White-Wassing the neighborhood

White-Wassing the Neighborhood

Wasson Way presents us with an intriguing question- can environmentally-conscious, pedestrian-friendly, development enter a community and leave communities intact and free from gentrification?

By Green Umbrella,

Published January 25, 2023

White-Wassing the Neighborhood
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Source: Xavier Newswire

White-Wassing the neighborhood

Wasson Way presents us with an intriguing question- can environmentally-conscious, pedestrian-friendly, development enter a community and leave communities intact and free from gentrification? 

I don’t have an answer to that. But what I do know, is that any development, especially one running through lower-income neighborhoods like Avondale and Evanston, must have a plan to ensure that residents are not displaced and that costs don’t skyrocket.  

Cincinnati has a long, nasty, history of ignoring historically Black communities and lower-income neighborhoods. Decades of disinvestment, redlining, and systemic racism have led to systemic inequities — including in housing and walkability.  

In the 1800s, a series of race riots led to Black residents being forced into small, dense, communities largely along the polluted Ohio river. As economically advantaged individuals begin to move farther away from the city center into suburban enclaves, those who lack the resources, mostly Black residents, are left behind.  

In the 1930s, redlining reinforced housing segregation — this time codified into law.  

When I75 was being built, it was put directly on top of the Lower West End, a primarily Black neighborhood. Houses and businesses belonging to Black individuals were entirely torn down, displacing residents, and forcing them to move. Most ended up in Avondale, Walnut Hills, and Over-The-Rhine (OTR). 

While the 1968 Fair Housing Act made many of these practices illegal, that didn’t put a stop to it. These issues persisted, and have led to the current segregation in Cincinnati. 

Currently, 1 in every 3 Cincinnatians live in a racially segregated neighborhood — defined as being 75% Black or 75% white.  

We have seen the negative effects of well-intentioned projects like Wasson Way before. The street car, which opened in 2016, was designed to increase public transit opportunities in downtown Cincinnati.  

What wasn’t talked about was whether the project would fuel gentrification in Over-The-Rhine and other surrounding neighborhoods.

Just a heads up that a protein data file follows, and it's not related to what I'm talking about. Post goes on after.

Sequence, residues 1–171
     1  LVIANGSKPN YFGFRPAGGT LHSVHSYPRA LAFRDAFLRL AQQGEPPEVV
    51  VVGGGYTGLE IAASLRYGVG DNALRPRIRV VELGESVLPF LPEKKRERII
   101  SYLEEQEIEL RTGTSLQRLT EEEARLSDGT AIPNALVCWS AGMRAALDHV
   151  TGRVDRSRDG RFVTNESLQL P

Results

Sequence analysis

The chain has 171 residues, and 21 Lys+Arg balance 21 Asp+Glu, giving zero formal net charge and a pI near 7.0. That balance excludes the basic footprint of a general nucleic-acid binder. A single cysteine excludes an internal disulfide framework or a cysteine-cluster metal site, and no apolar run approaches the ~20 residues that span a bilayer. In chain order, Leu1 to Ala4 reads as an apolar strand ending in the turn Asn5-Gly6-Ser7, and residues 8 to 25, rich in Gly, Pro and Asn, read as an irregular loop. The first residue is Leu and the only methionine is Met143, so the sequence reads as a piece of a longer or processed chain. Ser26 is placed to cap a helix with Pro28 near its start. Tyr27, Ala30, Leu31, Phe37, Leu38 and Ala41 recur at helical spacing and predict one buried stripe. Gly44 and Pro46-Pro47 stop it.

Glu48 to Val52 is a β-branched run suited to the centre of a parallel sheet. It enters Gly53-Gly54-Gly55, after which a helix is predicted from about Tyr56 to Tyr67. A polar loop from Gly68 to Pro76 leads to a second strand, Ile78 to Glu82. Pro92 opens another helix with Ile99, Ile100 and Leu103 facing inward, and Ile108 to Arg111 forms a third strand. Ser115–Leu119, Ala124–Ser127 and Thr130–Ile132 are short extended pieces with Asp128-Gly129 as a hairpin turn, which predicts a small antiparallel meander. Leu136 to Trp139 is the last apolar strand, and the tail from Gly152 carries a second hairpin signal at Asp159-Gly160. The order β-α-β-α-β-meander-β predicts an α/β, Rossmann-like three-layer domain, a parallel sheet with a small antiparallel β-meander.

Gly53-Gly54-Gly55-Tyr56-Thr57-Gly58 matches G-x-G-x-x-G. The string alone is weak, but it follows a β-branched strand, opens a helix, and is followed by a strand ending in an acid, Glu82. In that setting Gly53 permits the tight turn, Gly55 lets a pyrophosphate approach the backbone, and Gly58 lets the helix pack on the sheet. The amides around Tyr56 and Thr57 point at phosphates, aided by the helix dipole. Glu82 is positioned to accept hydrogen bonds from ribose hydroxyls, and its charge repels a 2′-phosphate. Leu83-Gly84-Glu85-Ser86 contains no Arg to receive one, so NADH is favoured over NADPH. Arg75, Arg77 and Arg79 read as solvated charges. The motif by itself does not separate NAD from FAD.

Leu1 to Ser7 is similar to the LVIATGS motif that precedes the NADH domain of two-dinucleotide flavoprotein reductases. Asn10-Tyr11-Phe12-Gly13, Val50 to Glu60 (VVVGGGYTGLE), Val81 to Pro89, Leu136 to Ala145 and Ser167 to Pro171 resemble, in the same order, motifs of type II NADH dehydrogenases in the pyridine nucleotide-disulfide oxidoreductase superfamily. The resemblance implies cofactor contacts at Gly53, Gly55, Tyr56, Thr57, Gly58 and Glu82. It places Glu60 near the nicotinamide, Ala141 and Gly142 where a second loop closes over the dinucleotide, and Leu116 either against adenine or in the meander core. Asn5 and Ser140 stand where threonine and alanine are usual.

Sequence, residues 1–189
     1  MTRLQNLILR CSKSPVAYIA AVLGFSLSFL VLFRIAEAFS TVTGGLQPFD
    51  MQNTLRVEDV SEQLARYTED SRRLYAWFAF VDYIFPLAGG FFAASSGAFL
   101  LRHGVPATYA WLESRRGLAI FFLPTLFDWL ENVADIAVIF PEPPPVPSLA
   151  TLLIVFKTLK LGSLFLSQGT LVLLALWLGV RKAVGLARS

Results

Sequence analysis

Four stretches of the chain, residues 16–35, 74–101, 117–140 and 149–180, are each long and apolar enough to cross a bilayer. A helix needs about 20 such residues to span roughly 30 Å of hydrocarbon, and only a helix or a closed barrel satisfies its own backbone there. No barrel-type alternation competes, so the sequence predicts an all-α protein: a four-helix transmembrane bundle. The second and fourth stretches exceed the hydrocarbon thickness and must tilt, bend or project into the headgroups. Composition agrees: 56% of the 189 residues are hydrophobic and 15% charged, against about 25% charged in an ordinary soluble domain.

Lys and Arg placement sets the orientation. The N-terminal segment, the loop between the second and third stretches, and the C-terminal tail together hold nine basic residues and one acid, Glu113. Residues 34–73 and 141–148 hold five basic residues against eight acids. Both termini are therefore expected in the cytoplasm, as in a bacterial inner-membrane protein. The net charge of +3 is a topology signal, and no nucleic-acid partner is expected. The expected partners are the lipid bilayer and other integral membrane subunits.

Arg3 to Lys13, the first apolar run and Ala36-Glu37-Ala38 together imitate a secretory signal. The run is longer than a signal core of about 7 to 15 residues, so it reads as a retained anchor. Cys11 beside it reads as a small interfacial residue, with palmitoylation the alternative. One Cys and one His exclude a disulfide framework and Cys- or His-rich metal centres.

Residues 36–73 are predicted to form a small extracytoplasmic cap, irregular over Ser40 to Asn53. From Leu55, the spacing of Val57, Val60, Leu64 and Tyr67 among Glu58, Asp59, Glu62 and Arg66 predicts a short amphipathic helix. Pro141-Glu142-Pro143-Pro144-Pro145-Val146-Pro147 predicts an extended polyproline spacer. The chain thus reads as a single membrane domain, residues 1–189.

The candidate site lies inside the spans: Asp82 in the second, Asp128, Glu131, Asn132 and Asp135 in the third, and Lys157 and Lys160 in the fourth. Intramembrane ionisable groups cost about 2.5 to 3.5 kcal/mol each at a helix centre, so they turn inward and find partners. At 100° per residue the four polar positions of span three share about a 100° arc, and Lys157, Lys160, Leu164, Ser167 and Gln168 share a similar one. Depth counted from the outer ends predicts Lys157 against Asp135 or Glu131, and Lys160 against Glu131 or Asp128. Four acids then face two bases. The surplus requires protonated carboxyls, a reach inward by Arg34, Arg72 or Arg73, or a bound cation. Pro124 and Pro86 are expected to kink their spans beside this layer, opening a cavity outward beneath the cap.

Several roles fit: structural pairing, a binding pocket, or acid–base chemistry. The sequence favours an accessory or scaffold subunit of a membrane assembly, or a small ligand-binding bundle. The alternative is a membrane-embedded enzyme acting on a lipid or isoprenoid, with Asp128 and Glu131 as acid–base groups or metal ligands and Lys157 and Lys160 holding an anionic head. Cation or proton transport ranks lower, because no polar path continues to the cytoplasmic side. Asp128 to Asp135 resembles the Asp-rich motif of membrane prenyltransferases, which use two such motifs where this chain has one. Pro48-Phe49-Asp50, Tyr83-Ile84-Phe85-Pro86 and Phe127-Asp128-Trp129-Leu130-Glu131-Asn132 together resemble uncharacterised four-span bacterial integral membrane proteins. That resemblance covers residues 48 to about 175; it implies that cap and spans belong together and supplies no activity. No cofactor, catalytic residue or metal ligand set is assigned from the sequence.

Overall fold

OTR was once 80% Black. After the Cincinnati Center City Development Corporation, better known as 3CDC, began buying up properties in the neighborhood, it was easy to see what would happen to long-time OTR residents — they would be forced out. 

The creation of the streetcar, while great in theory, is stuck on a 3.6-mile loop around downtown, designed to primarily serve tourists and business people. While not necessarily bad, it does little to serve long-time community residents, who would benefit immensely from quality, expanded, public transportation. Instead, it has jacked-up housing costs, contributing further to gentrification. 

It’s no secret that Xavier has not always had the best community relations with Norwood, Avondale, and Evanston.  

Vice Mayor Jan-Michele Kearney, an Avondale resident and proponent of affordable housing, has been outspoken about the need to prevent gentrification.  

“We want to make sure that as these neighborhoods get all these amenities — new bike trail, new businesses — that these neighborhoods are still affordable,” Kearney said. 

Tri-State Trails, an organization supporting Wasson Way, has noted that the original trail plans did not include Avondale. 

“Most of the trails in Cincinnati are on the East Side in affluent, predominately white communities. Historically, trails have not touched these communities that are predominately Black, predominately lower-income, have high rates of zero car households,” said Wade Johnson, Director of Tri-State Trails. Xavier students live in a bubble, in many ways isolated from our neighboring communities. Wasson Way offers us an opportunity to be better connected with our neighbors. 

Encouraging walkable communities, biking, and other environmentally-friendly transit options is to be encouraged. We can and should be doing more to get students out of cars and onto trails and sidewalks. But that can not come at the expense of our neighbors and affordable communities. 

To ensure community engagement and to best prevent gentrification, there must be a plan to ensure that our communities remain affordable and accessible, and this must include input and leadership from within the communities most affected.

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